Tray appearance during hive inspection

I just inspected my honey super and brood box. Everything appears normal, although I have yet to spot the queen. I pulled out the plastic tray and noticed about 1/8 cup of liquid at the entrance end of the tray and 2-3 very small beetles. Not sure if they are hive beetles or if I should be concerned?
Also, should I clean the tray? Might sound like a dumb question, but I’m very new to this. And if so, how often? See photo…

Thanks!

The water is likely to be rain water. They could be hive beetles that you spotted. I would definitely clean the tray, then maintain a routine of checking & cleaning it once every 2 weeks.

2 Likes

The yellow tray will receive all sorts of detritus falling from the hive…wax, dead bee bits, and hive beetles.

I agree the liquid is most likely rain water. Its been raining a lot in my area (South East coast Australia) and very humid. The oil I have used in the past is olive oil (left over from the kitchen) and it tends to get mouldy as well. I will see if mineral oil stops the mould growth on the tray.
However…clean the tray every two weeks, replace the oil AND keep a record of the number of hive beetles. This counts as an inspection…and knowing the hive beetle catch rate can usually indicate the hive beetle density in the hive. A strong colony and only a few beetles in the tray is nothing to be worried about IMO. regards.

I agree Ian & welcome to the forum. I use all solid floors on my hives, plus I don’t have landing pads on the bottom boards. My poor bees have to struggle to get back in the hive without a landing pad. I think that the landing pad contributes to water in the tray. That’s my gut feeling.

They do have a landing pad, a vertical one.

1 Like

Thanks so much. That’s all helpful as I get through this learning curve. We have had lots of rain, and are expected to get more in the next two days.

[quote=“JeffH, post:4, topic:33033”]
landing pad contributes to water
[/quote

Flow ones are sloped down away from the entrances, but standard ones definitely allow water to seep in during rain.

Hi Eva, the original Flow entrances sloped down, however the Flow 2 entrance sticks out more & is quite large. Water gets in my hives also if the wind blows the right way. I just have to keep my hives tilted the right way to stop it pooling on the floor.

We have had a huge amount of rain. So much so that I had trouble getting my 4x4 up to the hives for the first time ever, in well over 20 years.

The cows have been grazing near my hives lately. I found my best performing hive knocked over yesterday morning, which left a lot of the frames exposed to the rain. I found that early in the morning as I went to get a nuc for a customer. I went back later with a slatted rack to add, which I’m in the process of fitting to all of my hives, while I rectify the hive. Everything went well, I replaced 2 brood frames, the queen was ok. I shook the rainwater, mixed with honey out of the frames onto the grass in the process, which triggered a huge feeding frenzy, on account that the rain only stopped the previous night. I had 2 more slatted racks to put under hives, but I left them for another day.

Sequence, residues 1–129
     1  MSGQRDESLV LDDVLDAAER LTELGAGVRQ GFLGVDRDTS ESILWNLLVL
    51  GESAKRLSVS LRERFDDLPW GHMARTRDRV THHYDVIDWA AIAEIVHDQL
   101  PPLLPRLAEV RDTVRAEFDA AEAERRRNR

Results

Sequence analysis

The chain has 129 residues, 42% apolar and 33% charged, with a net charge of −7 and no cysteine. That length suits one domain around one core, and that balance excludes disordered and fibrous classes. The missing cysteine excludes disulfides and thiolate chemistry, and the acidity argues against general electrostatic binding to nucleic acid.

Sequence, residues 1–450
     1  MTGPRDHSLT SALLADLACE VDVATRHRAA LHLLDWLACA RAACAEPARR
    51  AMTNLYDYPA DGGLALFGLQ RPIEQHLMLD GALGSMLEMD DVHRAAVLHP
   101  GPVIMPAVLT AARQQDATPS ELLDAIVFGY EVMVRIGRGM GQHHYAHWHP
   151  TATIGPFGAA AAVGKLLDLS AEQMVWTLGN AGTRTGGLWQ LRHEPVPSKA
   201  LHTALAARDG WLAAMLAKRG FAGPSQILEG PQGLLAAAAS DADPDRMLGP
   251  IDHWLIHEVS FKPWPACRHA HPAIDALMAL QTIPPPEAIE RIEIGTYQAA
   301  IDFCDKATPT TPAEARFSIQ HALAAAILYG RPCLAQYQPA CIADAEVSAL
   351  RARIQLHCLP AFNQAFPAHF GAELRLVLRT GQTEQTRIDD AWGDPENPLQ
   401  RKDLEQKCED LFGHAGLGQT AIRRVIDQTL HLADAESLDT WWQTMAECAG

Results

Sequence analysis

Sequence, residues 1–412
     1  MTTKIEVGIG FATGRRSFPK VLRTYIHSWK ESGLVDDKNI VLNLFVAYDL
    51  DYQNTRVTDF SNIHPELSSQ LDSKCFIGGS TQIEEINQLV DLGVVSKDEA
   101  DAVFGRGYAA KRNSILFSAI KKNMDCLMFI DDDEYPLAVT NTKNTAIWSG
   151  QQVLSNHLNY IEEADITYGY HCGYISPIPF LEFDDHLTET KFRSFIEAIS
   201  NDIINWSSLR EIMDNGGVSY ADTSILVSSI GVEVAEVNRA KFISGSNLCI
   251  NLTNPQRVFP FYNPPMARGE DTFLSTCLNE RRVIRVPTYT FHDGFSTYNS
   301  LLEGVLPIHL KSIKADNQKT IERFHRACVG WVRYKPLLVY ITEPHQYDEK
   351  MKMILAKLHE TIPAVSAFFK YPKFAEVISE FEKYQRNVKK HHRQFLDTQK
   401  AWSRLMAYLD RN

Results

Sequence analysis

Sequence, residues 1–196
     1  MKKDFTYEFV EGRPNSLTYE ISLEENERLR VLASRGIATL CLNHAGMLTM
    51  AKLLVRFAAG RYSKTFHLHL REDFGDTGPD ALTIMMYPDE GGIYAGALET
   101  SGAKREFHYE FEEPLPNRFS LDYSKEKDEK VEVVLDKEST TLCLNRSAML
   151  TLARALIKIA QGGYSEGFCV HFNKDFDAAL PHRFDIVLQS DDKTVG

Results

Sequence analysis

1 Like

I only put my tray in when treating for varroa. Never have mold in it, anymore.

Another good reason to use slatted racks, eh?

2 Likes

Hi Eva, I’m not sure what you mean in relation to the slatted rack. I’ll rectify what I said about the slatted rack, because I only fitted it because I’m in the process of fitting all my hives with one. So far I’ve only fitted 8 of the 51 that I made.

Sorry Jeff, I meant that having a slatted rack on hives would help elevate brood and bees away from a soggy bottom area if rain can seep in.

I agree Eva. In this case the cow knocked it to finish upside down, but on an angle. The boxes separated, exposing the bottom of the frames in both supers to the weather. I was fortunate that it must have happened recently, otherwise hive beetles would have done some some damage.

On the day I tossed up whether to get a nuc from a different site for my customer. I decided on this site, on account that cows have been grazing among the hives recently.

I fitted 4 slatted racks yesterday, which takes a bit of time because I’m fussy about the frames I put back into the brood boxes. By the time I finished, there was another huge feeding frenzy, which changed my mind about going back to do more after lunch. I was ok with 3. So, this morning I’ll go for 3 before lunch, then 3 more after lunch.

I can really see the advantage of the slatted racks, because I’m placing brood frames that normally are just inside the entrance, to above a 4" panel of wood.

@JeffH
Re the slatted racks. Are the bees still keeping the base boards clean when implementing the slatted racks? Or do the slatted racks feel like a false floor to them and nothing underneath matters anymore?
Interested to see how that goes

Hi Tim, I’m yet to find that out. I fitted my first ones about 10 days ago. I wont know until I start splitting late in July.

When I start splitting, I’m expecting to not find the large gaps after winter at the end of the frames closest to the entrance.

Coming out of winter my bases are always at their dirtiest point for the year, so this will be a good test for you to see how they go. Please keep us updated.

1 Like

I have been using slatted racks for about 7 years now. I have solid bottoms in 2 of my hives. Yes, they keep them clean, even with a slatted rack in place.

:wink:

3 Likes

The bees use the slats to congregate and help with cooling, and there’s always lots of traffic across the floor underneath. As Dawn said they do keep the floor clean. A few times my bees have built additional comb ‘baffles’ across the slats.

4 Likes